Building a MVP requires a significant amount of research and frequent iteration to finalize the design. In the chapter on “Designing your MVP,” the various elements were discussed that can be adapted to define the MVP. We also reviewed different strategies for prioritizing the features of an MVP. Now is the time to pull together all the functional points and ideas you and your team have chosen and begin planning how to build your MVP.
Based on your research, deliberation with your team on different ideas, and the data collected from surveys and early user stories, you should be able to define a specific set of diverse features for your MVP. As we have seen, selecting features can be tricky, but the impact of your selected features must be measurable for the customer as well as against your business goals. If you need help selecting the feature for your MVP, I offer a free MVP template that will help you get started.
A customer must be able to understand the pros and cons of your app and realize that it’s satisfying a genuine need or want, provides benefits of some sort, or produces a productivity increase. While building the MVP, all features should be considered. An MVP is not merely a set of features; rather it is a product for the user and therefore must be, above all, user-centred.
However, choosing a feature is complicated by the fact that a business target also needs to be achieved—and the risk is usually high. You must consider the risk of other competitors, meet the customer’s expectations, and achieve the goals on budget and on time. Considering time, budget, and business goals, only a few features will be possible. Keep in mind the following statement while selecting features.
“The minimum viable product is that product which has just those features
(and no more) that allows you to ship a product that resonates with early adopters;
some of whom will pay you money or give you feedback.”
On this basis, select features after considering these criteria:
1. Identify potential features based on user stories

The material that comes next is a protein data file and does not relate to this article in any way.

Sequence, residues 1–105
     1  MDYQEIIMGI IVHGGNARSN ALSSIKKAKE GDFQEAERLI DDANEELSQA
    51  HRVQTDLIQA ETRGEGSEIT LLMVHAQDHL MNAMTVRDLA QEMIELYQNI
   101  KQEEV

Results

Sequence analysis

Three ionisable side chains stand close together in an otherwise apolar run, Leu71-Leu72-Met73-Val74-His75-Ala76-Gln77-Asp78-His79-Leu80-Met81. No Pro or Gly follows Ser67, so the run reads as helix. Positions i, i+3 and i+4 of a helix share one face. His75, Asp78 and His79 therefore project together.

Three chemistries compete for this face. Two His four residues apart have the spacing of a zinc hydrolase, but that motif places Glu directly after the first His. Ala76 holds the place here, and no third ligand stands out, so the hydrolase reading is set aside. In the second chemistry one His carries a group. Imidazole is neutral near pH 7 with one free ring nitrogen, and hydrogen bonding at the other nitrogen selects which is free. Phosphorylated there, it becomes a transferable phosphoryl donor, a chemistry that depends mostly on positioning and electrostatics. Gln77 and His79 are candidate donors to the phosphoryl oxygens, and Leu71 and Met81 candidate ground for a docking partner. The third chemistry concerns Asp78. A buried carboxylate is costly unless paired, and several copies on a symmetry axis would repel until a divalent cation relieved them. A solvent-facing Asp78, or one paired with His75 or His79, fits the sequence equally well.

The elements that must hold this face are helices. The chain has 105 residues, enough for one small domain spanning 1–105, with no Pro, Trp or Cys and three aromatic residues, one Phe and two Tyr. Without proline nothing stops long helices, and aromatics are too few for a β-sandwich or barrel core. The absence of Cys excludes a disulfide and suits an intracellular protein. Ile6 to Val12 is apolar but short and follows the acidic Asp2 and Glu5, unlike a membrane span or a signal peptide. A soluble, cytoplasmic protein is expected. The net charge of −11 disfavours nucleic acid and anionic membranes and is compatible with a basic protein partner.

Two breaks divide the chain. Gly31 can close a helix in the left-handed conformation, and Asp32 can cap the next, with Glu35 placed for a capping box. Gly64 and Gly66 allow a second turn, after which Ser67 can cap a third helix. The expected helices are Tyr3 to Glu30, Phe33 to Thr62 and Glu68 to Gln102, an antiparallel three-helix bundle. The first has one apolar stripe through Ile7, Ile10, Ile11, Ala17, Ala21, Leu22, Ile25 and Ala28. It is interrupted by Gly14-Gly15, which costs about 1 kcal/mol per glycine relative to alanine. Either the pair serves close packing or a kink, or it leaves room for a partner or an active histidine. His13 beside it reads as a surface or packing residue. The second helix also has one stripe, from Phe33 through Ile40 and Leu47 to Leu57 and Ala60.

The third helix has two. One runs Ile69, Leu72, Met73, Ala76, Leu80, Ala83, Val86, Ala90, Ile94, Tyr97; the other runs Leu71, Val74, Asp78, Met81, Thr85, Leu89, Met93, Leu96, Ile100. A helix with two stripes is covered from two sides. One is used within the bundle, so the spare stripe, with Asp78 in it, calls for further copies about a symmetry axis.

2. Test the market with a minimum number of features
3. Prioritize features according to the response of the market
Build the User Interface
Technology has made many things easier than ever before. Quickly marketing a new app is easily obtainable and attaining nearly immediate feedback is affordable. The User Interface (UI) is your connection with your users. A well-designed UI enables the developer to interact with the client while at the same time receiving feedback, which of course assists in future decision making. The advancement in HTML language, CSS and many others is fundamental to the development of the UI. The purpose of a properly designed UI is of course to interact with the customer and develop a positive relationship with him or her and to understand the user’s experience as a guide to further improvement. In other words, the UI creates the user experience (UX), which defines the appearance of the device, the response time and the presentation of available content. Changes can be made to the UI once the UX has been fully understood.
It’s best to create your design in Adobe XD, Marvel, or something similar first. The ease of making changes allows you to fine tune the layout and application flow before sending it to a designer.
Databases store your applications data. They provide an essential role in protecting, storing and providing data to the application as required. The Bubble platform comes with a built-in database, but you can also use a more advanced database like MySQL, Postgres, or SQL Server with the Bubble SQL Connector API plugin.
A workflow is an approach to define, implement, and automate business operations. In this approach, the information, tasks, and documents are transferred from one person to another for further action. In business marketing strategy, workflows can help avoid errors because of this action. A workflow helps in identifying unnecessary tasks, assists in managing details, improves communication and provides better customer service. The workflow technique should be optimized while developing an MVP.
Workflows provide the “functionality” of your application in Bubble. For example, you can drag and drop numerous types of events to stitch together the workflow when a user signs up for your app.
The Application Programming Interface (API) of an MVP provides product management and serves as a channel of exchange between two communicating applications. An API call offers a specific action that performs different tasks. For example:
APIs are one of the most complicated features in Bubble, and the one I get the most calls about. Though the IT community as a whole has made strides in standardizing the API language, there is still a large number of nuances regarding the implementation of them.